Oklahoma Wildlife Conservation Commission members learned this spring's paddlefish harvest in Oklahoma was lower than it was in 2013, based on data gathered by the Wildlife Department's Paddlefish Research Center near Miami, Okla. But the lower harvest is going to benefit the state's paddlefish resource, which has received some heavy angling pressure in recent years.
Brent Gordon, coordinator of the Department's paddlefish and caviar program, said the PRC processed 2,405 paddlefish from April 1 to May 15, about 45 percent of the usual harvest seen in recent years. Gordon presented his report on the status of Oklahoma's paddlefish fishery at the Commission's June 2 meeting in Oklahoma City.
The drop in numbers wasn't surprising. Gordon cited several factors that played a role in this year's smaller harvest. Foremost among those was a new annual harvest limit on paddlefish: just two per angler for the entire year.
Gordon cited other factors: A colder-than-normal March and drought conditions in April and May caused delays in staging and disturbed the normal spawning runs. "The fish just never staged properly for us this season" at Grand Lake, he said.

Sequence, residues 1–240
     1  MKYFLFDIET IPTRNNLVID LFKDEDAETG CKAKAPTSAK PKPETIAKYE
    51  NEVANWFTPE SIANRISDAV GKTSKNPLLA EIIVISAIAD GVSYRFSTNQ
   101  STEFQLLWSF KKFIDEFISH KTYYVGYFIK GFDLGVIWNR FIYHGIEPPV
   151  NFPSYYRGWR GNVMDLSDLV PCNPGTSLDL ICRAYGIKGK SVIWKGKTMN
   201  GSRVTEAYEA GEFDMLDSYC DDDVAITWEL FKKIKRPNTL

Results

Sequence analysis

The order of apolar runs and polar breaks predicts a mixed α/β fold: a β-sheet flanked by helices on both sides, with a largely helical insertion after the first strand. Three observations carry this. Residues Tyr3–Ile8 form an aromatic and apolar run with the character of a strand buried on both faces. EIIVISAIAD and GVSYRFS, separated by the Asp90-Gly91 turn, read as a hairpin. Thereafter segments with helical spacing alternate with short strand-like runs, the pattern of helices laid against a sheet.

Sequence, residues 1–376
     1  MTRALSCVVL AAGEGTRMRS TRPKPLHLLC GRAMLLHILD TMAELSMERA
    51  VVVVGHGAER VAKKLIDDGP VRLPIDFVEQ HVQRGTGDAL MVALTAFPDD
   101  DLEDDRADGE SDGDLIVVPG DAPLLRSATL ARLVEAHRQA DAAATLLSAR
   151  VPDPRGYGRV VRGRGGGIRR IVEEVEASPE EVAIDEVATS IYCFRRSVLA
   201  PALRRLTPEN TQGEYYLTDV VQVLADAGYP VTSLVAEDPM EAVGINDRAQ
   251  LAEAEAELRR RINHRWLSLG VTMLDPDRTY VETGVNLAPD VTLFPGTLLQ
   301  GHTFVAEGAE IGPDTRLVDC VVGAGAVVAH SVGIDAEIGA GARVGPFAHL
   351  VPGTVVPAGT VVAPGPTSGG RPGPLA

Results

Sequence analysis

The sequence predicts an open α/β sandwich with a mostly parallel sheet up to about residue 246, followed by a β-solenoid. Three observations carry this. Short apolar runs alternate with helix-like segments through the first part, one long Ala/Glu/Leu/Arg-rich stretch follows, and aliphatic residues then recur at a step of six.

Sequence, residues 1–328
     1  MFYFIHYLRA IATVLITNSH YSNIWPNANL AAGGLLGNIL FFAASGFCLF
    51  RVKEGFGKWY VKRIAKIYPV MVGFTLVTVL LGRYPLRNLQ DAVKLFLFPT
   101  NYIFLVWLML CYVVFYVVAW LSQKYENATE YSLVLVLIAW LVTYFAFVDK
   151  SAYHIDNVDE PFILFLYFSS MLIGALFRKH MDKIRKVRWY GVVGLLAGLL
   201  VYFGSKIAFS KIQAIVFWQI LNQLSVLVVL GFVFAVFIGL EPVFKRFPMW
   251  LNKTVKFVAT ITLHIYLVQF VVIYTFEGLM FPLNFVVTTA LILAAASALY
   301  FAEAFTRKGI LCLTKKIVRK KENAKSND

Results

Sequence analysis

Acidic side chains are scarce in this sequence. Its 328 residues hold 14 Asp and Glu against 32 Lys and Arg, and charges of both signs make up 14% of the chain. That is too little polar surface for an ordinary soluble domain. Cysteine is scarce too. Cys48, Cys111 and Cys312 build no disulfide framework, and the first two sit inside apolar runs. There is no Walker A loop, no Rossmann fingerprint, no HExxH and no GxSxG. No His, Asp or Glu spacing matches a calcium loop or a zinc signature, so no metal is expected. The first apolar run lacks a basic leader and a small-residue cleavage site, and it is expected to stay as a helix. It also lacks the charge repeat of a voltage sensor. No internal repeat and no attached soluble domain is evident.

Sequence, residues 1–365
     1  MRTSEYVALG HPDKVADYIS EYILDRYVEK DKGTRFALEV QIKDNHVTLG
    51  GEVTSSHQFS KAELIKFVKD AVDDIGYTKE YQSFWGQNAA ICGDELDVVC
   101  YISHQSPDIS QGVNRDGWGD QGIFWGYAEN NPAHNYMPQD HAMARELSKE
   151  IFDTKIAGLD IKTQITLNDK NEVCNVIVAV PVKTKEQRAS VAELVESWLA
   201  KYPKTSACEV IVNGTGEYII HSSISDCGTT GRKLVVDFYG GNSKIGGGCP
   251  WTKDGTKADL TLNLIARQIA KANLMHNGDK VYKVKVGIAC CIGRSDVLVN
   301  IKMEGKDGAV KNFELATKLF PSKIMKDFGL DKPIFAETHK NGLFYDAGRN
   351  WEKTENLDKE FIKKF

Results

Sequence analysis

Researchers also were able to process some paddlefish from Fort Gibson reservoir this spring to gain some baseline data on that fishery.
Because of the poor conditions, he said this year's paddlefish spawn can likely be written off as nonexistent. The Oklahoma Department of Wildlife Conservation has taken larvae samples twice a week since March, and no paddlefish have been collected. That means the 2014 year class will be missing from the breeding paddlefish population for the next 15 or so years.
The lower harvest also curtailed the number of fish that biologists could study, and it cut caviar production to about half of the 2013 amount. The caviar produced at the PRC is sold on the international market, and revenues are used to fund paddlefish management. Most of Oklahoma's paddlefish caviar is consumed in Europe and Japan.
Paddlefish, also called spoonbills, are among the state's more unusual fish, having a primitive shark-like appearance and a prominent blade extending from the snout. They can live for decades and can grow to more than 120 pounds. They range throughout the U.S. from Montana to Louisiana. In Oklahoma, paddlefish are found mainly in the Grand, Neosho and Arkansas river systems.